Nexletol can cause tendon injury, including tendon rupture. This refers to tearing in a type of connective tissue that connects muscle to bone.

In studies, shoulder tears, bicep tears, and tears in the Achilles tendon in the ankle were most common. Symptoms of tendon problems may include swelling, inflammation, and pain in the area. A ruptured tendon can occur within weeks or months of starting Nexletol.

Your risk of a ruptured tendon with Nexletol treatment is higher if you:

  • are ages 60 years and older
  • take other medications that can also cause tendon rupture, such as corticosteroids or fluoroquinolones (a type of antibiotic)
  • have kidney failure
  • have had tendon problems in the past

What might help

If you have any of the following symptoms of tendon rupture, rest the area as much as possible and contact your doctor immediately:

  • hearing or feeling a pop in a tendon
  • bruising after injuring the area
  • inability to fully move or put weight on the body part

If you have a ruptured tendon with Nexletol, your doctor will have you stop taking the drug. They may also recommend stopping Nexletol if you have joint pain or swelling. But it’s important that you do not stop taking Nexletol unless your doctor recommends this.

Be sure to tell your doctor if you’ve had a ruptured tendon before, or if you have a tendon disorder. Your doctor will likely not prescribe Nexletol in this case.

Tell your doctor about all the medications you’re taking, in case any of them can also cause tendon rupture. These include corticosteroids and a type of antibiotic called fluoroquinolones. Also tell your doctor if you have kidney failure, because this may increase your risk of tendon rupture.

Upper respiratory infection

Upper respiratory infection (infection of the sinuses, nose, or throat) was the most common side effect in studies of Nexletol. Although these infections are common with Nexletol, they’re not typically severe.

Symptoms of an upper respiratory infection may include a fever, stuffy nose, cough, or fatigue (low energy).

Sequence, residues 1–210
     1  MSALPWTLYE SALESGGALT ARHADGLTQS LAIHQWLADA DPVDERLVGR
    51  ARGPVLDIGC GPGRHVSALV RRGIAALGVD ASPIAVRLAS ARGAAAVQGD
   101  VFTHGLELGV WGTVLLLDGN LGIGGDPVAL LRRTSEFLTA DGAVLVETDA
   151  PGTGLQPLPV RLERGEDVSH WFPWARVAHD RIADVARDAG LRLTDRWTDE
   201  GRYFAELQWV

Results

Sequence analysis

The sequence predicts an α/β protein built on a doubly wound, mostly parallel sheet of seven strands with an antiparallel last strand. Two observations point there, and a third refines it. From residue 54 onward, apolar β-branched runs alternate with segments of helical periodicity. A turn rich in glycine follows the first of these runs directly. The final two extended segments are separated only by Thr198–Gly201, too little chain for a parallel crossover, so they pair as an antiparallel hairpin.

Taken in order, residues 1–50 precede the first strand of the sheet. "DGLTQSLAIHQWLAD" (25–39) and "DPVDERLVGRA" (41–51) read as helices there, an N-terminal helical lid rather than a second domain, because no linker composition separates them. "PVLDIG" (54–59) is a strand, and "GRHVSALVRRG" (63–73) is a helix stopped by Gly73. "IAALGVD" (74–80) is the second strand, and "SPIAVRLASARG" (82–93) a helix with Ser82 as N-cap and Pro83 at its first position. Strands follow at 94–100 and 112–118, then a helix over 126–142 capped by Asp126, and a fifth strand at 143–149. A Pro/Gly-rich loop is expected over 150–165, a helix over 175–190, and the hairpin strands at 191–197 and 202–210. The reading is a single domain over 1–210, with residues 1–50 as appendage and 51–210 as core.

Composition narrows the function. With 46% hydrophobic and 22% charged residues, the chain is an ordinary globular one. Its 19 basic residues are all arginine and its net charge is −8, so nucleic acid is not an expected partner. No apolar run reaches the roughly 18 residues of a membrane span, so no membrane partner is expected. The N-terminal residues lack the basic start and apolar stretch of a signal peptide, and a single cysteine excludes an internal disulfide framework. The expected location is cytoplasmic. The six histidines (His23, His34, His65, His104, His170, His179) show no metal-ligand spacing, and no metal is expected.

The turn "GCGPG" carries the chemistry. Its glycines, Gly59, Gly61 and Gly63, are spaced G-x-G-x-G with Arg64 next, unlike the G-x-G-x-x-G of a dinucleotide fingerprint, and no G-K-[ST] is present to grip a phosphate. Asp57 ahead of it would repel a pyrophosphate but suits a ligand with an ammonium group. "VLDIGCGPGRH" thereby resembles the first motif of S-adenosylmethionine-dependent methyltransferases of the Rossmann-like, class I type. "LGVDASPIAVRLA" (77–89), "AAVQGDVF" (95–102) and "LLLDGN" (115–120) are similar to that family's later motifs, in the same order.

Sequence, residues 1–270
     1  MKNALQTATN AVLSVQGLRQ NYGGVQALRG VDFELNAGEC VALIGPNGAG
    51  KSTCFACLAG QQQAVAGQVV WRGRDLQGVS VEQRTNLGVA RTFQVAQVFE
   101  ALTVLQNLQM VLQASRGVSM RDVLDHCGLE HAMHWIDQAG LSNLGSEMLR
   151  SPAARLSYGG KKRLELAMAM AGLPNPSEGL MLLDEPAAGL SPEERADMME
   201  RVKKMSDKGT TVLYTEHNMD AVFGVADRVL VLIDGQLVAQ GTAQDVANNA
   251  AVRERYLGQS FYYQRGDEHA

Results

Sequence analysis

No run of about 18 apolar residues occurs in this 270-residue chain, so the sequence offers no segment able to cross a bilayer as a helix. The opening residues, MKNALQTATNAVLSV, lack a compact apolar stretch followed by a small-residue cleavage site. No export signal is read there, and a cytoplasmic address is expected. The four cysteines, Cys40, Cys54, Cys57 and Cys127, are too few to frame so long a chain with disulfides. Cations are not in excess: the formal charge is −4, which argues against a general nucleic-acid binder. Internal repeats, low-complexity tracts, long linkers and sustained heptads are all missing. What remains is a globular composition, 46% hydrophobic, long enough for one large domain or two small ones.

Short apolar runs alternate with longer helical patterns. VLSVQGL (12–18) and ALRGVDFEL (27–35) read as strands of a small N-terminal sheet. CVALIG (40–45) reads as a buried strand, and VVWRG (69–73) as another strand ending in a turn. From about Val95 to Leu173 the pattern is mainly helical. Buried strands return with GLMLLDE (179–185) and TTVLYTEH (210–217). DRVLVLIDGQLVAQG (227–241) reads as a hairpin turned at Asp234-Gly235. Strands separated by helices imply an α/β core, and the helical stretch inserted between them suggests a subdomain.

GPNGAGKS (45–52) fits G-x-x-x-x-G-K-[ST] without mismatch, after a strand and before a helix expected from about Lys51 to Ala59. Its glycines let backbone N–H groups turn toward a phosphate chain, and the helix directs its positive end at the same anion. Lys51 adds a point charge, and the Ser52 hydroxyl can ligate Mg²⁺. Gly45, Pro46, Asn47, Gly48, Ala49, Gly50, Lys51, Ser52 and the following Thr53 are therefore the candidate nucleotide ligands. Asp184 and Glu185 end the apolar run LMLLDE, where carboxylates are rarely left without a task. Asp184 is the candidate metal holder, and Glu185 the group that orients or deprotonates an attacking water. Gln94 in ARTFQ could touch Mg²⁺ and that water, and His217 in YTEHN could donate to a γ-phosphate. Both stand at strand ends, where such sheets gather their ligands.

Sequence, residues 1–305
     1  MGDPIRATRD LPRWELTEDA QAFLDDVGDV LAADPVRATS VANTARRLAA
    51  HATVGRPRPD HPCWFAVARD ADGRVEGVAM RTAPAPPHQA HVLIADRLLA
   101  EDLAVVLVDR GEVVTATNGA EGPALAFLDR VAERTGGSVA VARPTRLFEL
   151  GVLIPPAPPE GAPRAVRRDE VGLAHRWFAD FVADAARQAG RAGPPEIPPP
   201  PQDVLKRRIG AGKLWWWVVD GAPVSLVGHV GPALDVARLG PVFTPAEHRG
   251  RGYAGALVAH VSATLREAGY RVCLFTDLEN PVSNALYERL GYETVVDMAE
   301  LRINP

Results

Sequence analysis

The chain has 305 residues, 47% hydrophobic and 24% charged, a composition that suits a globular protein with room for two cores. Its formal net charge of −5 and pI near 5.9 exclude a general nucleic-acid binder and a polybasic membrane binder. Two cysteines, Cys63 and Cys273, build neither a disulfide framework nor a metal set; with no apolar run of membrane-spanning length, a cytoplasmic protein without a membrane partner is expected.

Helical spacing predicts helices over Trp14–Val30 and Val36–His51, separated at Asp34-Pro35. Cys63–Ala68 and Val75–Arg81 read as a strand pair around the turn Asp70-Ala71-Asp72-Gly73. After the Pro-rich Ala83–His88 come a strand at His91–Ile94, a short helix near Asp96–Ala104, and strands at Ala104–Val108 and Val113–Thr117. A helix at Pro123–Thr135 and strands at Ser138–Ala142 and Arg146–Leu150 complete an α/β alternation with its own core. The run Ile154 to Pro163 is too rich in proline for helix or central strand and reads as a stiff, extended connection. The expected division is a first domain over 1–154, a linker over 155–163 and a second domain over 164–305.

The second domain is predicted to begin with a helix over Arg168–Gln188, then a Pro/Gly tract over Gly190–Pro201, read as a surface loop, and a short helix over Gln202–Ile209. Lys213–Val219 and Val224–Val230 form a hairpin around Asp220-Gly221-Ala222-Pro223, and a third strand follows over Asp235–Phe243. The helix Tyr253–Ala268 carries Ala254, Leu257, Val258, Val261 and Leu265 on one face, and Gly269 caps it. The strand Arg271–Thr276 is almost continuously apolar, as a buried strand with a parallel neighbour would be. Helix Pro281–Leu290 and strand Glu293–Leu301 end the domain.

What might help

To prevent upper respiratory infections, it helps to:

  • wash your hands often with soap and water
  • avoid touching your face with unwashed hands
  • avoid contact with people who are sick

If you have symptoms that are severe, last longer than 7 to 10 days, or get worse after about a week, talk with your doctor. They may recommend treatment.

If you have an infection of your sinuses, nose, or throat, you should stay home from work or school. Coughing or sneezing into a tissue or your sleeve can help limit the spread of germs.

Allergic reaction

Some people may have an allergic reaction to Nexletol. While allergic reaction wasn’t reported in studies of Nexletol, it can still happen.

Symptoms of a mild allergic reaction can include:

  • skin rash
  • itchiness
  • flushing (temporary warmth, redness, or deepening of skin color)

A more severe allergic reaction is rare but possible. Symptoms of a severe allergic reaction can include swelling under your skin, typically in your eyelids, lips, hands, or feet. They can also include swelling of your tongue, mouth, or throat, which can cause trouble breathing.

Call your doctor right away if you have an allergic reaction to Nexletol. But if you think you’re having a medical emergency, call 911 or your local emergency number.

Costs of prescription drugs can vary depending on many factors. These factors include what your insurance plan covers and which pharmacy you use. To find current prices for Nexletol in your area, visit GoodRx.com.

If you have questions about how to pay for your prescription, talk with your doctor or pharmacist. And you can visit the Nexletol manufacturer’s website to see if they have support options.